"Our deepest fear is not that we are inadequate. Our deepest fear is that we are powerful beyond measure. It is our light, not our darkness, that frightens us most. We ask ourselves, 'Who am I to be brilliant, gorgeous, talented, and famous?' Actually, who are you not to be? You are a child of God. Your playing small does not serve the world. There is nothing enlightened about shrinking so that people won't feel insecure around you. We were born to make manifest the glory of God that is within us. It's not just in some of us; it's in all of us. And when we let our own light shine, we unconsciously give other people permission to do the same. As we are liberated from our own fear, our presence automatically liberates others.”

Topics: corporate wellness corporate fitness motivation employee wellness

NIFS Nutrition and Fitness for the Holidays

thanksgiving dinner resized 600The holidays are around the corner―time flies! I want to pass along my top five tips to get through those holiday dinners without destroying all the hard work you have put into this thing we call fitness, and still enjoy those once-a-year delights that make life worth living.
I have heard a pretty shocking statistic that Americans will consume an average of 4,500 calories on Thanksgiving, and over 200 grams of fat (and not the good fat, either). I don’t think I have to tell you how long it would take to recover from and burn that many calories. So use these five tips to help you stay on track.

1. Do not skip meals before the “big one.” Many people think starving themselves before the big meal will help in keeping down the caloric intake for the day. WRONG! Remember that you have to keep that furnace burning all day, and if you come into the big meal starving, you will overeat. I guarantee it. 
2. Make one run. At the “big one,” have little servings of everything so you can enjoy all the great tastes that come with the holiday, but in moderation. People tend to love one item, eat a lot of it, then go back for the things they didn’t have room for on the first run.
3. Work out! Find 30 minutes that day, and the day after, to get in a workout. Do it fast and furious so you can get back to the family but still keep the furnace hot and continually burning.
4. Avoid alcohol. Alcohol is a double-edged sword in that it tends to lower inhibitions (taking your eyes off your goals) and increase the production and release of a hormone that absorbs fat. If someone has a drink in their hand, they more than likely have their other hand stuffing their face.
5. Keep your goals in the forefront. Why have you come to see me in the first place? Why have you gone through these weeks of physical torture? It’s to accomplish those goals you have defined for yourself and to become the individual you ultimately want to be. You have to remind yourself when you are facing down a loaded turkey with all the fixings of all the sweat and tears you have put into this thing.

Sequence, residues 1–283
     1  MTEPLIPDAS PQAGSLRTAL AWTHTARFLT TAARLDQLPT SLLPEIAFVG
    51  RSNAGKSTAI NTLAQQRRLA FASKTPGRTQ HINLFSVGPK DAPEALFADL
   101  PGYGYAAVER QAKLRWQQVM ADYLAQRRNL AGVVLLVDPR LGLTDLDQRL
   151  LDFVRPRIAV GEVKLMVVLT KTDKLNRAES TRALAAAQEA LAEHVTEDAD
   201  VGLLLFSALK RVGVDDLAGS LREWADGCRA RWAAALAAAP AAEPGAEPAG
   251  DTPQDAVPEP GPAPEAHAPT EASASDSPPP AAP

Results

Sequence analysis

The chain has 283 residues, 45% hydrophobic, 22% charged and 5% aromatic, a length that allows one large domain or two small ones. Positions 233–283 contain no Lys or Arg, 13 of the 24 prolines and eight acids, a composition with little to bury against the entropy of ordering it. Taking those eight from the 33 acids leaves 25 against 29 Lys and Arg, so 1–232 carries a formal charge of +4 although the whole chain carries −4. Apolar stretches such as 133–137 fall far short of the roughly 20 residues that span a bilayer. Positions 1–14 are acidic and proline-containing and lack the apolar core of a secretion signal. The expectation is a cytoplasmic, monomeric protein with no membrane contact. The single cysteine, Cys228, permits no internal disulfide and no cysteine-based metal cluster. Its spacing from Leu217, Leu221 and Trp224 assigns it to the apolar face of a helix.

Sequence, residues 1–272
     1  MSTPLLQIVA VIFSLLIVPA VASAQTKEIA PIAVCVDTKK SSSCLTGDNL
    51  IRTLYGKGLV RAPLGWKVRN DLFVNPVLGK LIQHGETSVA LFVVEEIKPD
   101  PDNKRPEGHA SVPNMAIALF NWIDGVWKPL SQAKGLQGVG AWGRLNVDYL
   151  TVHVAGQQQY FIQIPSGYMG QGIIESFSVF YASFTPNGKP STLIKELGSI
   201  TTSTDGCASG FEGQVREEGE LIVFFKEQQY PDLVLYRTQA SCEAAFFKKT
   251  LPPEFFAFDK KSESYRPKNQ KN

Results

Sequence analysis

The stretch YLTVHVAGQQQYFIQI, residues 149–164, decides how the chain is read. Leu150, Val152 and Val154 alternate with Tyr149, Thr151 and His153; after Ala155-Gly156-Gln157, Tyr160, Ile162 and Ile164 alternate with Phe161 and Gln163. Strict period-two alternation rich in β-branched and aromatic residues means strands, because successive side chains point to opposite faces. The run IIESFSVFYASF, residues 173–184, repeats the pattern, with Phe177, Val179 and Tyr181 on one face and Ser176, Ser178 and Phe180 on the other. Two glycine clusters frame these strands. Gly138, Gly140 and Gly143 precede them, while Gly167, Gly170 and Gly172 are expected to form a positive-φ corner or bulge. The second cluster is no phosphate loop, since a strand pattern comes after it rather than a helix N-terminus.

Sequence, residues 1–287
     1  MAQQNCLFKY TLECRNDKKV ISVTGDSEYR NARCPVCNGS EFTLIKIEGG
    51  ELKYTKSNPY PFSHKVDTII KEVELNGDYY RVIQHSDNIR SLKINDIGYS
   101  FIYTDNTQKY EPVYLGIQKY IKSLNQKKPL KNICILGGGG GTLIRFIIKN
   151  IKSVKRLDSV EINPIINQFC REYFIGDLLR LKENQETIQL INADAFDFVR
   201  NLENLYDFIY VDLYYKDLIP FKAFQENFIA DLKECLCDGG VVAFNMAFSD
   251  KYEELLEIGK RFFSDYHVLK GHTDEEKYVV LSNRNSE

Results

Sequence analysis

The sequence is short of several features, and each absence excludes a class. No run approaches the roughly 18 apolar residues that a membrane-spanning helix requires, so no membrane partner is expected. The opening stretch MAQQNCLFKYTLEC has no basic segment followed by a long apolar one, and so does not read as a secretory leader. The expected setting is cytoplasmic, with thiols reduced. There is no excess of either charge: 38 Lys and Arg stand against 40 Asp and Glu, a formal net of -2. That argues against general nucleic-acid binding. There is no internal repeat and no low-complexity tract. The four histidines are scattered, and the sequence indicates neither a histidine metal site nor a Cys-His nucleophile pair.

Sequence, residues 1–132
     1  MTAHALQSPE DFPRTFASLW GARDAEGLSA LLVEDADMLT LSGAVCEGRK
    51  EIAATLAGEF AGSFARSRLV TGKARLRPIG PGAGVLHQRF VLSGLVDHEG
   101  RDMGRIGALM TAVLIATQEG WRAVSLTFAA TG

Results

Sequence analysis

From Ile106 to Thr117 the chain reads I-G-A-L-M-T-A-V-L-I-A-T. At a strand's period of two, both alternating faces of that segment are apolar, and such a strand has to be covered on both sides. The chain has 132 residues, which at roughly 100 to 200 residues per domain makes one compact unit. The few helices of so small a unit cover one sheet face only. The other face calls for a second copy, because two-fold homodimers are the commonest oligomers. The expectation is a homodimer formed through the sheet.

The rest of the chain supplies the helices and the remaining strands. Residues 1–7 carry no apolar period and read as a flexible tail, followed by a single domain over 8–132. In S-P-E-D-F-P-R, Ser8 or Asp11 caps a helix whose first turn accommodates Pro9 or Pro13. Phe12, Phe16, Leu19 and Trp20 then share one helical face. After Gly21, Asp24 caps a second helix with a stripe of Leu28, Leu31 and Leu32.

You should totally enjoy everything about the holidays, because that is why you work so hard. But learning to enjoy and not destroy is key. Trust me, there is a balance, and your goal is to fill your toolbox to help work toward that balance. Follow this link to test your knowledge of holiday foods!

Topics: exercise exercise at home calories

NIFS Nutrition News: Fabulous Fall Recipes for Employee Health

fall harvestThis is definitely my favorite time of year: football, cooler weather, and the return of all things apples and pumpkin! Not only are they chock-full of healthy goodness, but they are also delicious!

Health Benefits of Apples

The old quote “an apple a day keeps the doctor away” could not be more correct. Apples are loaded with fiber (a typical tennis-ball-sized piece has 4 filling grams of fiber), which helps to keep you satisfied. Apples are also high in immune-boosting Vitamin C.

One recent study found that eating apples was linked to a lower incidence of death from coronary heart disease and cardiovascular disease. Another surprising benefit of apples is that they may boost your endurance during a workout. The antioxidant quercetin makes oxygen more available in the lungs, and one study showed individuals who had this antioxidant prior to a workout were able to cycle longer.

Health Benefits of Pumpkins

Pumpkins have just as much to brag about as apples. Pumpkin is loaded with Vitamin A, which is essential for boosting your immune system, vision health, and bone health. You also get a significant amount of potassium from pumpkin. This helps keep your fluid and mineral balance regulated, which helps with heart function. That bright orange color from pumpkin means it is high in the antioxidant beta carotene. This means it is heart protective and can help lower your risk for heart disease. Finally, just like apples, pumpkin is loaded with fiber. Each 1 cup of pureed pumpkin has 7 grams—1/3 of your daily needs!

I like to use pureed, canned pumpkin as a fat replacer in cake mixes, brownies, and muffin mixes. Just substitute the same amount of pumpkin for the amount of oil called for in recipes and enjoy a lower-fat and nutritious treat!

Recipes for Employee Health

Try these delicious recipes for making the most of fall apples and pumpkin.

Baked Cinnamon Apples

Ingredients:

4 large baking apples, such as Rome Beauty, Golden Delicious, or Jonagold
1/4 cup brown sugar
1 teaspoon cinnamon